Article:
Heading Away on Vacation?

Don’t Forget to Pack Your Travel Insurance


You have planned your perfect vacation.

You get to the airport and that nagging feeling in your stomach tells you something isn’t right. What did you forget? Then you realize you forgot to arrange your travel insurance. The plane boards in minutes. Do you miss your flight? Do you go online and arrange it when you reach your destination? Do you simply hope you won’t need it.


Could this be a recipe for disaster? The Ontario Health Insurance Plan (OHIP) provides very limited coverage for Ontarians travelling abroad and, according to the Ministry of Health and Long Term Care, it should not be relied upon to cover healthcare expenses incurred while travelling.


OHIP will pay very limited amounts for physician services and hospital/health facility services, and only if certain conditions are satisfied. It will pay only for insured, emergency out-of-country health services that are rendered to an insured person and to qualify as an ’emergency’, a number of criteria must be satisfied :


  • the treatment must be medically necessary, and
  • the treatment must be performed at a licensed hospital or licensed health facility, and
  • the treatment must be rendered in relation to an illness, disease, condition or injury that :
  • is acute and unexpected, and
  • arose outside of Canada, and
  • requires immediate treatment.


These provisions are intended and designed to provide a very limited amount of funding for the medical treatment of insured residents of Ontario if they incur an unexpected illness, disease, condition or injury while they are outside of Canada. If the illness, disease, condition or injury arises before you leave Canada, or if it is not acute or unexpected, no payment can be made.


The amount that OHIP pays is set by regulation. The amount paid for out-of-country health services is very limited and usually will not be sufficient to cover the full cost of the services rendered. OHIP covers only very limited amounts for hospital, health facility and physician services.


OHIP strongly advises residents of Ontario to purchase additional health insurance every time you leave Canada to cover any expenses in excess of the limited funding provided. It is also critical you check with your supplementary health insurance provider to determine if there are restrictions relating to pre-existing health conditions.


Although OHIP will pay the actual cost billed by the out-of-country physician(s) or the cost of the same physician service(s) in Ontario, whichever is less. Physician services in Ontario are usually rendered at a significantly lower cost than those billed at out-of-country health facilities.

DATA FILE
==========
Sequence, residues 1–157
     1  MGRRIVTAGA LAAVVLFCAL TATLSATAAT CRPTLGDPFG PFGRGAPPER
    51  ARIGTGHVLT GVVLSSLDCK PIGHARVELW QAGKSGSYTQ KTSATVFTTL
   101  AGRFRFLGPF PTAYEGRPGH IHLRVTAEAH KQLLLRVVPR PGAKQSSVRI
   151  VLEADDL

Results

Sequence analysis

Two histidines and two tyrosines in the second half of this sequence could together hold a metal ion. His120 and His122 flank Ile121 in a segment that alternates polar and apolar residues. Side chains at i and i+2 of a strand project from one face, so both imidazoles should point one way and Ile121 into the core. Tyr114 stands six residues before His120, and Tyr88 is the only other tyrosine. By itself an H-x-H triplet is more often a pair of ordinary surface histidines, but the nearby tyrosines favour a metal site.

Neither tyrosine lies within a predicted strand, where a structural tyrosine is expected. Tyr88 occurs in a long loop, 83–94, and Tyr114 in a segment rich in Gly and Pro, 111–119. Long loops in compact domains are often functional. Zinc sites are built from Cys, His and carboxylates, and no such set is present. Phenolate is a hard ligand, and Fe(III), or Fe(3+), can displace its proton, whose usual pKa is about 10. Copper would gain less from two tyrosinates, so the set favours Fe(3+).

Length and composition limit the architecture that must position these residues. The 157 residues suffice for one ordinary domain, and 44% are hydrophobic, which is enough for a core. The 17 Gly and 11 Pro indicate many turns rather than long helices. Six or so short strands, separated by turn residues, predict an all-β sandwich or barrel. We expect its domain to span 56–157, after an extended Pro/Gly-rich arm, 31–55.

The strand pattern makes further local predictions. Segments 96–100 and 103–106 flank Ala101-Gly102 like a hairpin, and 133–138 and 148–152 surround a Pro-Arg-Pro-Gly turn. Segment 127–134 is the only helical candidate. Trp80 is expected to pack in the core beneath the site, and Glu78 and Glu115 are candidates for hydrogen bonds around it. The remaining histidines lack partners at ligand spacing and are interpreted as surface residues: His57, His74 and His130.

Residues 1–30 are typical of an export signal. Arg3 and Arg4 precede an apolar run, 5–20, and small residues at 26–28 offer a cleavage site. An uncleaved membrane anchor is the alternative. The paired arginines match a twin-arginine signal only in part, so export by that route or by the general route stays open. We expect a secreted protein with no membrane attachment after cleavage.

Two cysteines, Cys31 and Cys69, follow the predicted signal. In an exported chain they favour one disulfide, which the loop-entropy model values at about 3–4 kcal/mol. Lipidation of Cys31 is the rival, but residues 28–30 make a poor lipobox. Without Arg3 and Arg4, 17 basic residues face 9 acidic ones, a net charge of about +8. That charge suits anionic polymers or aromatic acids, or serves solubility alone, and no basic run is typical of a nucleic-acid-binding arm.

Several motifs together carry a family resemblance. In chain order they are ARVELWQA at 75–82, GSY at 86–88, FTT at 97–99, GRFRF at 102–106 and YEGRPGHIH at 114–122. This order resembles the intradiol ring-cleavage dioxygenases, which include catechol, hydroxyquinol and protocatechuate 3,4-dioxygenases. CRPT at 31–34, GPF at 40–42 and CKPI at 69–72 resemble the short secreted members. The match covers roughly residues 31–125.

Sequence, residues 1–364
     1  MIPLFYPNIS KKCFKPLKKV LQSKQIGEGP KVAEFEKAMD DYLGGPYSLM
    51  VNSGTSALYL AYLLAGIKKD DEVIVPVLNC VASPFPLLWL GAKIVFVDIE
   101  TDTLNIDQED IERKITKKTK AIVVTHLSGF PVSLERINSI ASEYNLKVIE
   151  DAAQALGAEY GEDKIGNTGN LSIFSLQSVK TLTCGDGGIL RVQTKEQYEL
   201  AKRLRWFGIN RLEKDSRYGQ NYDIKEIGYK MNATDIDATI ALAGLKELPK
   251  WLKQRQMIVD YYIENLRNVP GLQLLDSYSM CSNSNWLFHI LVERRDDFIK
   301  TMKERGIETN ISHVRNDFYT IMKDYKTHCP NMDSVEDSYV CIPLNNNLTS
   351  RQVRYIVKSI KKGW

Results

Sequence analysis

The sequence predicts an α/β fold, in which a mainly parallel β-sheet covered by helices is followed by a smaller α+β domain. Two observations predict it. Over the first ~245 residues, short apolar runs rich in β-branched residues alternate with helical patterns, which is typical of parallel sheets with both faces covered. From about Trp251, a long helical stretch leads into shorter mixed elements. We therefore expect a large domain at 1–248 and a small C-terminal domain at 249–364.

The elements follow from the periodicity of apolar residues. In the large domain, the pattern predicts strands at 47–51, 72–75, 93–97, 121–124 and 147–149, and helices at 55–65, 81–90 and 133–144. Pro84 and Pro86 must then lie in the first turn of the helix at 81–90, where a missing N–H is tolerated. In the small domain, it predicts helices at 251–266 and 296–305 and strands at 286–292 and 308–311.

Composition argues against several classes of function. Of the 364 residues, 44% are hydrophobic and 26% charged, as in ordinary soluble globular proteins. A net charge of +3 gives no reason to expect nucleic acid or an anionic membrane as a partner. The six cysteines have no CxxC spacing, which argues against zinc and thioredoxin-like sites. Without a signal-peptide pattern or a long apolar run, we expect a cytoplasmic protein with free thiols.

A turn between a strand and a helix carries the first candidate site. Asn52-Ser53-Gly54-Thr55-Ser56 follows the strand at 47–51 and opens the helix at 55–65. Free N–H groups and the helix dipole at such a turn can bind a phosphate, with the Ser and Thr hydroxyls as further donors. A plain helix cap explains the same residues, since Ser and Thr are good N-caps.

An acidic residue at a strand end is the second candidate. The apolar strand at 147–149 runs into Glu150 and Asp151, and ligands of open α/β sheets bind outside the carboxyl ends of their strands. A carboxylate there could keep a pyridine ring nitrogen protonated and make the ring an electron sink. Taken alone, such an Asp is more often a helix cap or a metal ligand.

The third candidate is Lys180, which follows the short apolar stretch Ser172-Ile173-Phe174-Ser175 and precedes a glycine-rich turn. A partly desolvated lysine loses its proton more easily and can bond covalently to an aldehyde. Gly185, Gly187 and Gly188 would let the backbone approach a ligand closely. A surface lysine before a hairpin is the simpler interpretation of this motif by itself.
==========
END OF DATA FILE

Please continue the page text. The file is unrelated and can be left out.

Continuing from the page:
• For outpatient emergency room services, OHIP will pay $50 Canadian (CDN) per day.
  • For inpatient services, OHIP will pay $200 CDN per day, or up to $400 CDN per day for some specialty services.


So while OHIP may provide some financial assistance at a most critical time, the actual cost of a serious medical event could total tens of thousands of dollars more.


Travel insurance can help preserve your savings and your financial security should the unexpected happen. However, it is vitally important to ensure you arrange coverage well before departure and ensure the insurance will meet your needs.


Although some people may have a tendency to be less than completely honest about medical conditions when applying for travel insurance, the risk of non-disclosure could be financially devastating. Every travel insurance policy contains a pre-existing condition limitation period. This provision eliminates the insurer’s liability, throughout the full duration of the policy, for any expenses related to a condition that was present during the defined period prior to the policy’s effective date. This generally refers to any medical condition for which the traveller had symptoms, saw a physician, had treatment, took medication or was referred for treatment yet to be completed during a specified period of time such as 90 or 180 days prior to the effective date of coverage.


Furthermore, some insurance companies will not provide coverage if you do not arrange it before departure and those that do will also enforce a waiting period before making coverage effective.


Travel insurance is very affordable at younger ages and shorter trip durations. Premiums rise as we age and pre-existing medical conditions can become an issue. When managed effectively, many medical conditions can be covered. Complete and full disclosure of one’s medical history and travel plans is absolutely necessary to ensure your insurance is actually in-force and will be there when needed. Vacations can be a time of rest and relaxation, or an opportunity for adventure and adrenaline-pumping activities. Regardless, leaving Canada without effective travel insurance is a risk too great to consider.

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About the Author: Shawn Pankow

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